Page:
21. 21. Nursing Perspective: Dr. Fields • Addressing racial/ethnic health disparities among workforce – Dual pandemics of COVID-19 and racial reckoning – Need to address structural and systemic racism, SDOH and the NDOH • Lack of nursing faculty/resources and lack of student placements – Record number of nursing faculty vacancies exist – Student waiting list for nursing programs: 80,000+ qualified applicants not admitted • Concerns about student preparedness after graduation – Clinical rotations were shut down and replaced with simulation – Need for expanding capacity for orientation and welcoming of students – Putting together summer clinical skills workshops • Disproportionate pay among nurses and how to address this – High rates for travel nurses
  22. 22. ANA Commission on Racism in Nursing – Ten Ways to be antiracist in nursing: https://www.nursingworld.org/practice-policy/workforce/clinical-practice-material/national-commission-to- address-racism-in-nursing/antiracism-in-nursing/ – Nursing needs to adopt an intentional anti-racist agenda – How COVID is exacerbating these issues • Disproportionate impact in communities of color Become story catchers Be genuine Manage me Maximize curiosity, Minimize certainty Distribute power Preserve the dignity of others Stop labeling others Expose unwritten rules Support authenticity Manage perception
  23. 23. Defining Racism for Nursing • A New Definition of RACISM for Nursing – Assaults on the human spirit in the form of biases, prejudices, and an ideology of superiority that persistently cause moral suffering and perpetuate injustices and inequities • National Commission to Address Racism in Nursing, April 2021
  24. 24. Employee Wellness Needs • Nurses not feeling supported and how to respond to their wellness needs – Future of Nursing 2020 -2030: Charting a Path to Achieve Health Equity • Recommendation 3: By 2021, nursing education programs, employers, nursing leaders, licensing boards, and nursing organizations should initiate the implementation of structures, systems, and evidence-based interventions to promote nurses’ health and well-being, especially as they take on new roles to advance health equity – Hospitals/institutions putting in quiet/meditation rooms, or massage therapists in order to encourage staff to take care of themselves • Read Report: https://nam.edu/publications/the-future-of-nursing-2020-2030/ – NBNA Nursing Wellness Reset Program: mindful meditation, comedy routine, virtual DJ party https://www.nbna.org/re%20set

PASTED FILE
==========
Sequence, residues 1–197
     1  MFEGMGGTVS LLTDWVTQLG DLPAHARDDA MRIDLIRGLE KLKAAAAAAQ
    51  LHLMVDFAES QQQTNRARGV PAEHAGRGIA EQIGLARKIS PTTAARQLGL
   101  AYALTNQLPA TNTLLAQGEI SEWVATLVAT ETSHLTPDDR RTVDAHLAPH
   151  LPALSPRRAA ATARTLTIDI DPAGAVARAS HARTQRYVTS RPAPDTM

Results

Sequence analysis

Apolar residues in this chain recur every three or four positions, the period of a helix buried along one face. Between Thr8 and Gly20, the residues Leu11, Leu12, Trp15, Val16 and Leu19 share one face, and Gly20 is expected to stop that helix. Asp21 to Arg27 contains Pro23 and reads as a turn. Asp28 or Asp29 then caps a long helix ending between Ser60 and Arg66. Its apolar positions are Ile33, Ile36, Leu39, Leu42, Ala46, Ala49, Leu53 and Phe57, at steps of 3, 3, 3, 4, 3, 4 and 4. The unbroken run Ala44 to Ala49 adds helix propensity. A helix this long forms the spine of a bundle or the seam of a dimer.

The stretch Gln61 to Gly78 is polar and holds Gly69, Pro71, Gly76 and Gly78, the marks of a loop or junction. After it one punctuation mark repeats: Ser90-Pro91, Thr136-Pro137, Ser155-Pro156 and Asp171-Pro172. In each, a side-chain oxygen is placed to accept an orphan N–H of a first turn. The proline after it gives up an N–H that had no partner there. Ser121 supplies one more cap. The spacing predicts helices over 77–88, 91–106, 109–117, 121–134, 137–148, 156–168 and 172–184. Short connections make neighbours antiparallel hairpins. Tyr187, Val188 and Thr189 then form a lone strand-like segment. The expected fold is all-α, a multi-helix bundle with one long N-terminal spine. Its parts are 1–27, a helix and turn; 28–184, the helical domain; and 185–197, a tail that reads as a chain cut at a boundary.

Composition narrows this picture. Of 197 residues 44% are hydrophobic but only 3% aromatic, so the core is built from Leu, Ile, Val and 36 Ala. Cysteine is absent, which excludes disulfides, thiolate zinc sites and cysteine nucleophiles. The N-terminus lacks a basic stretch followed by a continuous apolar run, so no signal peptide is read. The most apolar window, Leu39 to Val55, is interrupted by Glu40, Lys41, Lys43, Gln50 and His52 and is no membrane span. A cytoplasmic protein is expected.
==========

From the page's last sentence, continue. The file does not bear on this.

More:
25. 25. References • Wolff, J., Angyal, B., Ameen, E. & Stueland Kay, T. (2020, September). The Impacts of COVID- 19 on Psychology Education & Training: Concerns, Disparities & Recommendations [Unpublished report]. Society for the Psychology of Sexual Orientation & Gender Diversity and American Psychological Association of Graduate Students. • Top Ten Ways to be an Antiracist in Nursing https://www.nursingworld.org/practice-policy/workforce/clinical-practice-material/national- commission-to-address-racism-in-nursing/antiracism-in-nursing/ • The Future of Nursing 2020-2030: Charting a Path to Achieve Health Equity https://nam.edu/publications/the-future-of-nursing-2020-2030/ • NBNA Nursing Wellness Reset Program https://www.nbna.org/re%20set

Editor's Notes

  • 5/24/22 we’ve passed 1 million cases – that are ‘known’








  • 5/24/22:. Cases are rising in nearly every state, and since many cases go uncounted in official reports, the true toll is likely even higher than these figures suggest.